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Riders of the Purple Sage

9. Silver Spruce And Aspens
The rest of that night seemed to Venters only a few moments of starlight, a dark
overcasting of sky, an hour or so of gray gloom, and then the lighting of dawn.
When he had bestirred himself, feeding the hungry dogs and breaking his long
fast, and had repacked his saddle-bags, it was clear daylight, though the sun had
not tipped the yellow wall in the east. He concluded to make the climb and
descent into Surprise Valley in one trip. To that end he tied his blanket upon Ring
and gave Whitie the extra lasso and the rabbit to carry. Then, with the rifle and
saddle-bags slung upon his back, he took up the girl. She did not awaken from
heavy slumber.
That climb up under the rugged, menacing brows of the broken cliffs, in the face
of a grim, leaning boulder that seemed to be weary of its age-long wavering, was
a tax on strength and nerve that Venters felt equally with something sweet and
strangely exulting in its accomplishment. He did not pause until he gained the
narrow divide and there he rested. Balancing Rock loomed huge, cold in the gray
light of dawn, a thing without life, yet it spoke silently to Venters: "I am waiting to
plunge down, to shatter and crash, roar and boom, to bury your trail, and close
forever the outlet to Deception Pass!"
On the descent of the other side Venters had easy going, but was somewhat
concerned because Whitie appeared to have succumbed to temptation, and
while carrying the rabbit was also chewing on it. And Ring evidently regarded this
as an injury to himself, especially as he had carried the heavier load. Presently
he snapped at one end of the rabbit and refused to let go. But his action
prevented Whitie from further misdoing, and then the two dogs pattered down,
carrying the rabbit between them.
Venters turned out of the gorge, and suddenly paused stock-still, astounded at
the scene before him. The curve of the great stone bridge had caught the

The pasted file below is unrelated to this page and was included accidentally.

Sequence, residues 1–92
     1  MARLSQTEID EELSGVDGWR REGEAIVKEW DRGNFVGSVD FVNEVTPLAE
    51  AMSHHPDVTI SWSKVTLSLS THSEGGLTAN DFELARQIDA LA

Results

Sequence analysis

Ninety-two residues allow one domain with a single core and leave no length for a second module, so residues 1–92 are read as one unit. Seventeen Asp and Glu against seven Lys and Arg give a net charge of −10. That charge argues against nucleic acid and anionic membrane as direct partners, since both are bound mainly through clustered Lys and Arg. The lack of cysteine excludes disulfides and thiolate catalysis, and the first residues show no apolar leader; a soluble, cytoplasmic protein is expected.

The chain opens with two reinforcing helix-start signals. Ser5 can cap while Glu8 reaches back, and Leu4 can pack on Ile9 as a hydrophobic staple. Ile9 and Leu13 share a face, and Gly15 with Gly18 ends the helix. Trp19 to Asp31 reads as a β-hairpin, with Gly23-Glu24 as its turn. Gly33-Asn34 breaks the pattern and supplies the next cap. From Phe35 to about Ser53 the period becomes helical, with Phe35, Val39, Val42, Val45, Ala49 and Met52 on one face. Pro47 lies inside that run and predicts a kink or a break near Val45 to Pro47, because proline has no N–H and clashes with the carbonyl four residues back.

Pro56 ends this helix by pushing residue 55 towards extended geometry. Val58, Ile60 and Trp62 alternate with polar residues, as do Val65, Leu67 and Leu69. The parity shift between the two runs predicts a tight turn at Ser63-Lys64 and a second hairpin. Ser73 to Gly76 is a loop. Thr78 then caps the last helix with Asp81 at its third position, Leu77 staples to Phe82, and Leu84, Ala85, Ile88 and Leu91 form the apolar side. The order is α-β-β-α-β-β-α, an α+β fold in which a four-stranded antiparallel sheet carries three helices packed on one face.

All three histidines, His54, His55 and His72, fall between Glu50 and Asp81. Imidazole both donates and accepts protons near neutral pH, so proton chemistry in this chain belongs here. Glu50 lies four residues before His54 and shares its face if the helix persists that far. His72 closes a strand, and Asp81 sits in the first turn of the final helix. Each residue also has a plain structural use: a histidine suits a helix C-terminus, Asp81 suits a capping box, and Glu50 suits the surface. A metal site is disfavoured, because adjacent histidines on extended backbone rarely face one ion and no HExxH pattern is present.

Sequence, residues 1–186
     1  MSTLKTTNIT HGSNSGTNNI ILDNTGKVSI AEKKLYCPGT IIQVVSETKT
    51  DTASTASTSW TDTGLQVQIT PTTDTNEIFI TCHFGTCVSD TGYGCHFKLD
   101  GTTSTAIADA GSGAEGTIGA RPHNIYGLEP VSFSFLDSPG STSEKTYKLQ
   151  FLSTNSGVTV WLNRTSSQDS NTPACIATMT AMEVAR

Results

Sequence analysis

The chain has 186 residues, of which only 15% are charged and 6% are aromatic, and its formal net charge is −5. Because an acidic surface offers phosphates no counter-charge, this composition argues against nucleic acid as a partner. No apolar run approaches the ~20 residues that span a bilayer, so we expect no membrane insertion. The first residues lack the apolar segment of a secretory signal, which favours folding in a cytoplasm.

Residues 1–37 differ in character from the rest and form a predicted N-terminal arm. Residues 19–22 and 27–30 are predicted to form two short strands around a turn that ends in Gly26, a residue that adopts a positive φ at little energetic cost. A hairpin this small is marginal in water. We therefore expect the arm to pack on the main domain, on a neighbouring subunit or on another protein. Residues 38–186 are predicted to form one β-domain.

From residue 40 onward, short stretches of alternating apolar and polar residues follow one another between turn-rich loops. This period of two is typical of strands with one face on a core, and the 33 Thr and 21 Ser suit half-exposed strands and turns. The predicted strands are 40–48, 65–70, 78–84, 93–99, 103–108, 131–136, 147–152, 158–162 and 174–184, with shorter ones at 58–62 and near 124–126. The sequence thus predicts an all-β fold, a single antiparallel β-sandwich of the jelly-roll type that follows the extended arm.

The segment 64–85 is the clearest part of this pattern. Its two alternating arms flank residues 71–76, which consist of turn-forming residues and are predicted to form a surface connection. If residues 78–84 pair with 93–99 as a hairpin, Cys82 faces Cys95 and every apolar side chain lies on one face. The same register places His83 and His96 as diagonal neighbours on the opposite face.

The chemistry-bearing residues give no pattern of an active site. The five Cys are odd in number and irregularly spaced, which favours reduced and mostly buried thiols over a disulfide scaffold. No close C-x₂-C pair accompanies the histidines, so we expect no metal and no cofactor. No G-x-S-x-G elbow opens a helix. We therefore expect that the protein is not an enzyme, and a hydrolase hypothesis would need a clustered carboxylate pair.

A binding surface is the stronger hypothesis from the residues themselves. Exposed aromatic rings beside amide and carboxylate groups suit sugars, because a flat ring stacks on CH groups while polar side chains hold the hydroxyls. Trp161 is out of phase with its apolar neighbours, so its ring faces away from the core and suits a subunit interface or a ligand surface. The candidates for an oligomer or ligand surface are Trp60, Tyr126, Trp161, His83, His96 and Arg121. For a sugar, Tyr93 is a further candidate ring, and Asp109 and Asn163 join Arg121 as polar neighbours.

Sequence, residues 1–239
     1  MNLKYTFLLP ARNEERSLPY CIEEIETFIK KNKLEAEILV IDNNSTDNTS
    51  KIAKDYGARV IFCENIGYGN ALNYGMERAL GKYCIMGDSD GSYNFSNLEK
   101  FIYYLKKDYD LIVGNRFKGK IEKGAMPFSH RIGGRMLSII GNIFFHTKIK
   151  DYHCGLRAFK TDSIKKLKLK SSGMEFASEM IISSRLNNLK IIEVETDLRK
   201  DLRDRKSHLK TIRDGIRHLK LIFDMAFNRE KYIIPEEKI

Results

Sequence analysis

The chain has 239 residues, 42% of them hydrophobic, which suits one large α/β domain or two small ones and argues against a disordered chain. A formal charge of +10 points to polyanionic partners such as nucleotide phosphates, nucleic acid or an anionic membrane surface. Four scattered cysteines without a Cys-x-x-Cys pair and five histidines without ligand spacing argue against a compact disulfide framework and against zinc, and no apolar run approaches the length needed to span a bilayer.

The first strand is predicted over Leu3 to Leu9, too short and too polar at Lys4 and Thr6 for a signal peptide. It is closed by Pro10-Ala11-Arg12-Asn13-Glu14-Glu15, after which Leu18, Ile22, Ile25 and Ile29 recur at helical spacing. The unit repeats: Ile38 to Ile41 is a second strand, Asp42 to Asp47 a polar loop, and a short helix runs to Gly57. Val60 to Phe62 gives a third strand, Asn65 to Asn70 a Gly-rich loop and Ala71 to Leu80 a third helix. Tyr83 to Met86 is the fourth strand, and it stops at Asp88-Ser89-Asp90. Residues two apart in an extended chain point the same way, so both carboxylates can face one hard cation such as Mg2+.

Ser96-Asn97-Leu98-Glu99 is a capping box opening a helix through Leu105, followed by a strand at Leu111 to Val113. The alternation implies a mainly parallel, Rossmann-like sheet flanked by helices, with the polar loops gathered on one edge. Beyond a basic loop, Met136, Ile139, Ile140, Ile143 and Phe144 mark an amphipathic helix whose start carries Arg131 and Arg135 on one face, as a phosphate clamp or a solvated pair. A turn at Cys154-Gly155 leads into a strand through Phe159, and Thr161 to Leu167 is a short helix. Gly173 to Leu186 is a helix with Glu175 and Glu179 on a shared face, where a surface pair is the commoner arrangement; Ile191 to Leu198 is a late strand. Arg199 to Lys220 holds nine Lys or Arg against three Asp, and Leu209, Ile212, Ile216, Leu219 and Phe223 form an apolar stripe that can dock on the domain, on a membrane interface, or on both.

sunrise, and through the magnificent arch burst a glorious stream of gold that
shone with a long slant down into the center of Surprise Valley. Only through the
arch did any sunlight pass, so that all the rest of the valley lay still asleep, dark
green, mysterious, shadowy, merging its level into walls as misty and soft as
morning clouds.
Venters then descended, passing through the arch, looking up at its tremendous
height and sweep. It spanned the opening to Surprise Valley, stretching in almost
perfect curve from rim to rim. Even in his hurry and concern Venters could not
but feel its majesty, and the thought came to him that the cliff-dwellers must have
regarded it as an object of worship.
Down, down, down Venters strode, more and more feeling the weight of his
burden as he descended, and still the valley lay below him. As all other canyons
and coves and valleys had deceived him, so had this deep, nestling oval. At
length he passed beyond the slope of weathered stone that spread fan-shape
from the arch, and encountered a grassy terrace running to the right and about
on a level with the tips of the oaks and cottonwoods below. Scattered here and
there upon this shelf were clumps of aspens, and he walked through them into a
 
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